Housework’s a necessary evil, so use this dastardly duty to boost your metabolism. Exercise physiologist Kathleen Alleaume dishes the dirt.
You bend to vacuum and stretch to hang out the washing, so start thinking of housework as a fee-free gym class! With just a little extra oomph, you can maximise the amount of aerobic-health benefits and kilojoule-torching tricks that are hiding in housework.
Dust a move
Dusting isn’t all in the wrist! To put your upper body to work, make continuous circular movements with each arm for two minutes. Once you’re moving, do simultaneous calf raises: Start with your legs hip-width apart, rise up onto your toes and hold for three to five seconds, then slowly lower your heels; repeat 10 times. Do two to three sets, resting for up to a minute between sets.
The constant push–pull motion of vacuuming can be a great cardiovascular workout that really works your core and upper body. To ‘cardio-vac’ effectively, exaggerate your movements and frequently swap hands so you work both sides of your body. For a more intense workout, do lunges while you push. Try to hold each lunge for 20 seconds between steps. Aim for three sets of 10, then repeat with the other leg. Lunges not only tone and strengthen the lower body, but also help improve balance.
Get into step
If you usually stagger up the stairs with armfuls of clothes or toys, try taking one thing at a time, repeatedly, instead. Consider this: Climbing a flight of stairs three times a day burns 63kJ (15cal). Do that eight times a day, and you’ve earned yourself two small scoops of sorbet. Aside from strengthening the lower body, regular stair climbing is a low-impact activity that bolsters bone density, fosters aerobic fitness and lifts levels of ‘good’ HDL cholesterol.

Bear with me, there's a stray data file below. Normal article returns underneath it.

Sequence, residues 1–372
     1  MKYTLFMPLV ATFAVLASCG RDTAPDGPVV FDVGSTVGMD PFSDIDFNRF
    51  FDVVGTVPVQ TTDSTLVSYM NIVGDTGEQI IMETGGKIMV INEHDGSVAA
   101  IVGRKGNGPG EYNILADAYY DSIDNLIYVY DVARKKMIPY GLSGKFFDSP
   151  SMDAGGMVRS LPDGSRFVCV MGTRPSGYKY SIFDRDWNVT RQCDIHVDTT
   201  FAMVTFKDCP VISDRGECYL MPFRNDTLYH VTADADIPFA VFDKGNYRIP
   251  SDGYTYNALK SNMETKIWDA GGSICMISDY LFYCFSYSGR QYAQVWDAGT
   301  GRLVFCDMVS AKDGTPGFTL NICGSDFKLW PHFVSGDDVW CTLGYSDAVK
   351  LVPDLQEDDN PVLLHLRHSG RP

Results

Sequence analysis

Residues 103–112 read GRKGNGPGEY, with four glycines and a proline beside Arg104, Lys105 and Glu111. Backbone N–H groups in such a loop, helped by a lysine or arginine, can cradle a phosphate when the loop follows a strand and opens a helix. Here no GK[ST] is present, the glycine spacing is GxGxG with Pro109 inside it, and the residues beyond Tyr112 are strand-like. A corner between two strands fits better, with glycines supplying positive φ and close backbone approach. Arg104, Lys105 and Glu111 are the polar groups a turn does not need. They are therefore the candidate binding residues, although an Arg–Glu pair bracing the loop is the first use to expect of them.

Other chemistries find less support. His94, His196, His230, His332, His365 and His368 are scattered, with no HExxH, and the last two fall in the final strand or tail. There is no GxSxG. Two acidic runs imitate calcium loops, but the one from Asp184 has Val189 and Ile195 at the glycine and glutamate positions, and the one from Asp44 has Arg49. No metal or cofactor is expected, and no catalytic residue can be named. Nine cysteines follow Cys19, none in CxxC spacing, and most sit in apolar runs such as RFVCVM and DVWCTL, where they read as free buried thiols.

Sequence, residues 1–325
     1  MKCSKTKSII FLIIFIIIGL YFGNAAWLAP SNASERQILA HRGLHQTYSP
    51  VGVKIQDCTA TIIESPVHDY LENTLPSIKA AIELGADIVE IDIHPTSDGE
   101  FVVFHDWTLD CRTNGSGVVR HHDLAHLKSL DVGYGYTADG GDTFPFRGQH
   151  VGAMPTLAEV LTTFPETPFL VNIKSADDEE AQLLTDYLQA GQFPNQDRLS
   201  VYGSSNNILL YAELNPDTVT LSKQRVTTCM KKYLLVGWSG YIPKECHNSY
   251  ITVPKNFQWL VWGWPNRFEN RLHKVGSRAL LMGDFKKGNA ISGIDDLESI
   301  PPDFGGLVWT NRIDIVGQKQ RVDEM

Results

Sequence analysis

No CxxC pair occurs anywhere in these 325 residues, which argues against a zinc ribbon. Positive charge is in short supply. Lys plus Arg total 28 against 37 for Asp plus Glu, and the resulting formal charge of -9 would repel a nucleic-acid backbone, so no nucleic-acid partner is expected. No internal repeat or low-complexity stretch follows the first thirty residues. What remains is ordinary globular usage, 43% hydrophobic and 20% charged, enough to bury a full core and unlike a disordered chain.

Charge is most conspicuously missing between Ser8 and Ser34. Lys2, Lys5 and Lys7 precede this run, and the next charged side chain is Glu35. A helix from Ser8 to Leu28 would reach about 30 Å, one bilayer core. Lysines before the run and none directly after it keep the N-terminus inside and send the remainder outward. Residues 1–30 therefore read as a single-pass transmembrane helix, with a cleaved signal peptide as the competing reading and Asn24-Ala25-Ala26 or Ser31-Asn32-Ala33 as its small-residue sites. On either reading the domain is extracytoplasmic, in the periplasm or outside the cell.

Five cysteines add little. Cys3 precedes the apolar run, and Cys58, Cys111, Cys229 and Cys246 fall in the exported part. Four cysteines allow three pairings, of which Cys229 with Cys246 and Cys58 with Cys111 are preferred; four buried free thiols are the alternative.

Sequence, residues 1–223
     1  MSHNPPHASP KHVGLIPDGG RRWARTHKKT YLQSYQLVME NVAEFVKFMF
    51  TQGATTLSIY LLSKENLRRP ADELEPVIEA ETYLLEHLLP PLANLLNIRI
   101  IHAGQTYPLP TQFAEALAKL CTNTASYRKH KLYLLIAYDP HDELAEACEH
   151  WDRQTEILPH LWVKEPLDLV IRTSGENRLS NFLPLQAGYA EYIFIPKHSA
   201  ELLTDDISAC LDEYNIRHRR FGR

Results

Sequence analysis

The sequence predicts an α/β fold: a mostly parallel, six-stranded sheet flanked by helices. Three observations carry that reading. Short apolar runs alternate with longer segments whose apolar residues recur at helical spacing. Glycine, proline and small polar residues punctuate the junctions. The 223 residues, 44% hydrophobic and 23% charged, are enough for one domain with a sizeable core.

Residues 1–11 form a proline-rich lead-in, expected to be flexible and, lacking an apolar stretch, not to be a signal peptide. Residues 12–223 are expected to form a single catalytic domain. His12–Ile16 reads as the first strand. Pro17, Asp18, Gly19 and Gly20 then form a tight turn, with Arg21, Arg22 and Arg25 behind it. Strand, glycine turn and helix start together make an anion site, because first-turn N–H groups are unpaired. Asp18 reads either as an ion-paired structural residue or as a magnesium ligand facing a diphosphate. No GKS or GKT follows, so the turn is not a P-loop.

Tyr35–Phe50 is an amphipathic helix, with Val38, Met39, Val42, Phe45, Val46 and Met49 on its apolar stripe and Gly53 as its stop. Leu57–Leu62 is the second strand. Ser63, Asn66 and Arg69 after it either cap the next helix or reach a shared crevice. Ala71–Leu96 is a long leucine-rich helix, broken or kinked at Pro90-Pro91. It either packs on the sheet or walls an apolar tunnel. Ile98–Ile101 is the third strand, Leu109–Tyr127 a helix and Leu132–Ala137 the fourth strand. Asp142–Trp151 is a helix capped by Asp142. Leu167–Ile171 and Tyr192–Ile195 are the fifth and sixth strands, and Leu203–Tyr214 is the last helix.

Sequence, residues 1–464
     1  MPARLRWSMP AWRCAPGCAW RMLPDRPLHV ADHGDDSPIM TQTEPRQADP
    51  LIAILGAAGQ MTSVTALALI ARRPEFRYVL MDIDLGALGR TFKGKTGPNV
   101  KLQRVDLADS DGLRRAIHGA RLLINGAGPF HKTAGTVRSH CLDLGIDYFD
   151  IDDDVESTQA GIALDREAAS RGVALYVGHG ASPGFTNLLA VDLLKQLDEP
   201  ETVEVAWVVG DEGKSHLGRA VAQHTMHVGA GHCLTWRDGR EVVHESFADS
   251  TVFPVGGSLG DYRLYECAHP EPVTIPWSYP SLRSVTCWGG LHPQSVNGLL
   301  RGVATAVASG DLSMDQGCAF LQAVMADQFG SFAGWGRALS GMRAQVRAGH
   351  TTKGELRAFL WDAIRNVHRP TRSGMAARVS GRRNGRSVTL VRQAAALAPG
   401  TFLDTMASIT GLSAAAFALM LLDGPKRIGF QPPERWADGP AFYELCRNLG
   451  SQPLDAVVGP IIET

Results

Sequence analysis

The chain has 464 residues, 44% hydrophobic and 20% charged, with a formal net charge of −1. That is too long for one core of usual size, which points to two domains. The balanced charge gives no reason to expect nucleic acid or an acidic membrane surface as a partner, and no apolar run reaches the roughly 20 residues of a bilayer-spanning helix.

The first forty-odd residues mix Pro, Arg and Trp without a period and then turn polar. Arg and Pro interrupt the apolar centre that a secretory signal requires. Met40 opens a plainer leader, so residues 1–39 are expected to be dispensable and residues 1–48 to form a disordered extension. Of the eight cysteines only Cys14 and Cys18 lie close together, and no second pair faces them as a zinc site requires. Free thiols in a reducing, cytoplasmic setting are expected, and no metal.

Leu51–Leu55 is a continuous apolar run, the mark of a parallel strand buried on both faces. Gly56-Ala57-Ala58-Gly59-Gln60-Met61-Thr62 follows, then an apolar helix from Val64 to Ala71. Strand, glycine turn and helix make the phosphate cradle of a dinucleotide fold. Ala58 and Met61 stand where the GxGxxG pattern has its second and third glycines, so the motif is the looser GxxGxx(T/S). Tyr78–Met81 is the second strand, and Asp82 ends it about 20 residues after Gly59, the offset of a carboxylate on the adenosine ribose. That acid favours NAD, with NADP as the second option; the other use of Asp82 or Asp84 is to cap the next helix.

Dish up strength
Stop standing still at the sink, and step into a sudsy workout. To ramp up your heart rate, march in place for one minute, lift one leg straight out to the side, and then bring it back in again. (Continue with alternate leg lifts.) If you’re lucky enough to have a dishwasher, unstack it with spirit: Squat to reach for a dish, wait for a second or two, and then slowly stand (and stretch, if possible) to put it in the cupboard. Ten to 20 squats will give your legs and bottom an excellent workout.
Pick up the pieces
Picking toys or clothes off the floor is a great excuse to work your lower body. Stand with feet hip-width apart, keeping your back straight and your heels on the floor. (Keep your upper back from tilting forwards.) Squat every time you pick something up.
Torch kilojoules with just 30 minutes of housework!
290kJ (69cal), or 1 small potato
Mowing the grass
840kJ (201cal), or 120g chicken (no skin)
840kJ (201cal), or 1 cup cooked pasta
Hanging out washing
504kJ (121cal), or 160ml wine
370kJ (89cal), or 250ml skim milk
260kJ (62cal), or 1 small banana
630kJ (151cal), or 2 thin slices wholegrain bread
Washing the car
483kJ (116cal), or 1 cup wheat-flake breakfast cereal
These calculations are based on a 68kg person.
Women who have children under the age of five do about four and a half hours of housework a day — the perfect opportunity to turn everyday chores into a total-body workout! (Research from the Australian Institute of Family Studies)
Hit play on the stereo, pump up the volume and clean in time to the beat! Your favourite tunes will push you just that little bit harder.